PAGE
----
What’s involved in relocating with a child after a divorce?

Child custody is typically one of the hardest-fought aspects of a divorce. Even after one parent becomes the primary caregiver, the other often retains his or her custodial rights.

What happens when the primary caregiver wants or needs to move? What happens if that move significantly affects the ex-spouse’s ability to co-parent? Which parent’s rights take precedence over the other? It’s a tricky situation that doesn’t have an easy answer. Each case is unique and requires a unique resolution.

The process

Pennsylvania law says a move can’t be made until everyone who has custody rights agrees to the move or a judge approves the relocation.

If you want to make a move and you are the primary caregiver, you have to send notice to your ex-spouse no later than 60 days before the date you move. There is a special stipulation that lets you send notice 10 days after you know of the move, but only if you couldn’t have known about the relocation prior to 60 days before the move and you cannot possibly delay the move.

When you send notice (via certified mail with return receipt requested) of the move, you must include:

  • Address of the new residence
  • Names and ages of the people who will live at that address
  • Telephone number at the new address
  • Names of the new school district and school
  • Date and reason for the move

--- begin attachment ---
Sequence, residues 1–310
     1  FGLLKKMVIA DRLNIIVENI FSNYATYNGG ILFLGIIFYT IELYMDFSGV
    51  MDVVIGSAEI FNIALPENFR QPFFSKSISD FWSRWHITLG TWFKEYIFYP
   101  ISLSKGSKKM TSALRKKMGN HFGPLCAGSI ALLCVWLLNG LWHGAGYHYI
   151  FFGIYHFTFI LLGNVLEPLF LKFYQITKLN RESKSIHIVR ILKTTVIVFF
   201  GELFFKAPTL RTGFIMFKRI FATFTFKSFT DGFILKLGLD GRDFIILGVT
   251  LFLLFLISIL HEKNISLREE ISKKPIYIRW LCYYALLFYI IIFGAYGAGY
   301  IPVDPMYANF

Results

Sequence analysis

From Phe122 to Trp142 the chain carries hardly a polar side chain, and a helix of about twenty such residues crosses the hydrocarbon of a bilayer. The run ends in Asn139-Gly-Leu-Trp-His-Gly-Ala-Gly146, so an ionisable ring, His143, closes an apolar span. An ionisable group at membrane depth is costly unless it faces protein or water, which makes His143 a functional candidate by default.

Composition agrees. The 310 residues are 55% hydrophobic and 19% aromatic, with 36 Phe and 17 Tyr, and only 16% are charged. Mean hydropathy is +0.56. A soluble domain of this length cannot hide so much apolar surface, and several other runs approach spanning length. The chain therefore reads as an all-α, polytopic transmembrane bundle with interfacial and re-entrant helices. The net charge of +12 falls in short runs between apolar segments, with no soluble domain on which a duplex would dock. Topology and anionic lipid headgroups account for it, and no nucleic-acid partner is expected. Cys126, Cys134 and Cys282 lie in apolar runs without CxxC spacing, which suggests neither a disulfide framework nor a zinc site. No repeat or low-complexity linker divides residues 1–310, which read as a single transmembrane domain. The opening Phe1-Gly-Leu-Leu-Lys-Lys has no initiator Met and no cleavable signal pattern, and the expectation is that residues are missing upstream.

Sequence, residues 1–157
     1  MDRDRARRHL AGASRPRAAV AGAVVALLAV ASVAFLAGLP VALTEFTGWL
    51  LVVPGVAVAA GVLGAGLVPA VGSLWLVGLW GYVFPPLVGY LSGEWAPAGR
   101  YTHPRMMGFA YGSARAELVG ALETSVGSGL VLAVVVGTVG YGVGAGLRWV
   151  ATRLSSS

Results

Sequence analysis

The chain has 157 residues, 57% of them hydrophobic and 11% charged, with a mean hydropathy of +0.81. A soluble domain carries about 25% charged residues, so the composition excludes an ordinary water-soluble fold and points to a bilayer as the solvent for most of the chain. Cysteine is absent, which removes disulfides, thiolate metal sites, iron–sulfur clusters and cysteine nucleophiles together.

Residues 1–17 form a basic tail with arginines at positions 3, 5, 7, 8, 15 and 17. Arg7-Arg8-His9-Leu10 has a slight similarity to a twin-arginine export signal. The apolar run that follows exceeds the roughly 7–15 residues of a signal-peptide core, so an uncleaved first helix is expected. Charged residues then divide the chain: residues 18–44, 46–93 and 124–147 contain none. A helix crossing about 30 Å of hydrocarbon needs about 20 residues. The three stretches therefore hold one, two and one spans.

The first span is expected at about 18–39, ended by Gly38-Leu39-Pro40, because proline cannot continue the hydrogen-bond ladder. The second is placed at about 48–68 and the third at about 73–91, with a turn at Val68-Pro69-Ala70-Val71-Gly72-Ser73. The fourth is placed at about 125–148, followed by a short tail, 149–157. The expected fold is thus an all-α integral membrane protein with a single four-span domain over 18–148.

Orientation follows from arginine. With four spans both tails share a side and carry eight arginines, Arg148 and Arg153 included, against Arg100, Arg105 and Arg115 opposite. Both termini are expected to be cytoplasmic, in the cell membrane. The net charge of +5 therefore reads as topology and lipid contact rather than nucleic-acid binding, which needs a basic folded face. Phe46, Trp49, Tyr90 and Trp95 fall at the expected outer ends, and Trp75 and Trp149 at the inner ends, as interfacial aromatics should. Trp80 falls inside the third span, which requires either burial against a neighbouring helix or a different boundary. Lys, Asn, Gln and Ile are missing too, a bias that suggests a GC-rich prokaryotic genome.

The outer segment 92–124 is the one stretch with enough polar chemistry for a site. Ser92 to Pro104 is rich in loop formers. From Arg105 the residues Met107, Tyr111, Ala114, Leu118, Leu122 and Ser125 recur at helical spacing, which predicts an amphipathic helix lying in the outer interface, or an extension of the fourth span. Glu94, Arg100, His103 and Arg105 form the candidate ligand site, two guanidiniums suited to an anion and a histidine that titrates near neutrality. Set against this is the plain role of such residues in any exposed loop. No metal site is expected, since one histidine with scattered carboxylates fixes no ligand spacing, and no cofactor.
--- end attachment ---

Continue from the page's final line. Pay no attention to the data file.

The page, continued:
• A proposal for revised custody schedule
  • A counter-affidavit for your ex-spouse to object to the move along with notice that if the ex-spouse doesn’t file an objection with the court within 30 days, they can no longer object to the move

What happens if an ex-spouse objects?

If your ex-spouse files an affidavit objecting to the move within the 30-day window, a judge will hear your case to decide if you can relocate.

The judge will consider issues such as the age of the child, the child’s relationship not only with parents but with siblings, the emotional and educational needs of the child, the financial condition of the parents, whether the move will enhance the child’s quality of life, and any abuse by one of the parents or a member of the parent’s household.

The wishes of the child will be considered depending on the child’s age and maturity.

If the judge approves the relocation, the court will modify the existing custody order.

It’s obviously a tricky situation and one that should not be entered in cavalierly. Consult a qualified attorney to make sure your rights are protected.

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